This post is in the series Rite Reading. The first of three posts on Luke.
If (as I noted yesterday) Mark feels rushed, Luke feels well-paced. Unlike Matthew he does not collect Jesus’ teaching into long sections, but intersperses it with stories. He describes his work as an “orderly account” and implies that he knows of others which aren’t! Perhaps because he is such an accomplished story-teller himself, he makes a point of including more parables than the other gospels, including two which usually number among people’s favourites: the Good Samaritan, and the parable often referred to as the Prodigal Son.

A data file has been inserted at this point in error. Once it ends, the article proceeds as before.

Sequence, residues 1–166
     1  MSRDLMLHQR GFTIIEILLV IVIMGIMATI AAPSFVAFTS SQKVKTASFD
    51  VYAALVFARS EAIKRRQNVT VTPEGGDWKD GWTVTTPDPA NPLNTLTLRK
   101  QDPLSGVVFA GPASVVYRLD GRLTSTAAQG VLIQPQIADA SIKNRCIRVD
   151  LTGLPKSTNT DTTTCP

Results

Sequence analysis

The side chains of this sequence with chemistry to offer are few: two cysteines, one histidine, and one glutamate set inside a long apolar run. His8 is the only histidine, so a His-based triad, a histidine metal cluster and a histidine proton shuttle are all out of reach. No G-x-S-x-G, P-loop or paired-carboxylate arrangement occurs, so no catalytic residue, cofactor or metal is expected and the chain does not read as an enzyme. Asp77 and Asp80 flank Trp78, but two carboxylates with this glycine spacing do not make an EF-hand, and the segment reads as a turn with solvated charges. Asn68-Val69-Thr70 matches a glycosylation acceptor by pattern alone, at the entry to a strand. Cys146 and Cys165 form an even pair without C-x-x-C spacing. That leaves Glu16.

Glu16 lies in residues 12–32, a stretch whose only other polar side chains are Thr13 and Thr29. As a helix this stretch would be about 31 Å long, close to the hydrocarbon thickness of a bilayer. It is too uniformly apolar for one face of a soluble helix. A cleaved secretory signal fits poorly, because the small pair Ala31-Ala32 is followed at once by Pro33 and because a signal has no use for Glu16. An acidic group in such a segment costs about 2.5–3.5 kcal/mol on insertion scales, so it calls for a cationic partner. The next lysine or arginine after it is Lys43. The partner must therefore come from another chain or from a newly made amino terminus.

Luke includes quite a wide range of material, and seems to be aiming for a rounded picture. Perhaps sometimes he includes a story because he thinks it’s too good to leave out. But this wealth of Jesus-tradition means that it is sometimes harder to detect his key themes than it is with Matthew and Mark. Because of this wealth of material, I’m going to break this section on Luke into three blog posts, over three days.Continue reading “A gospel rich in stories: Luke”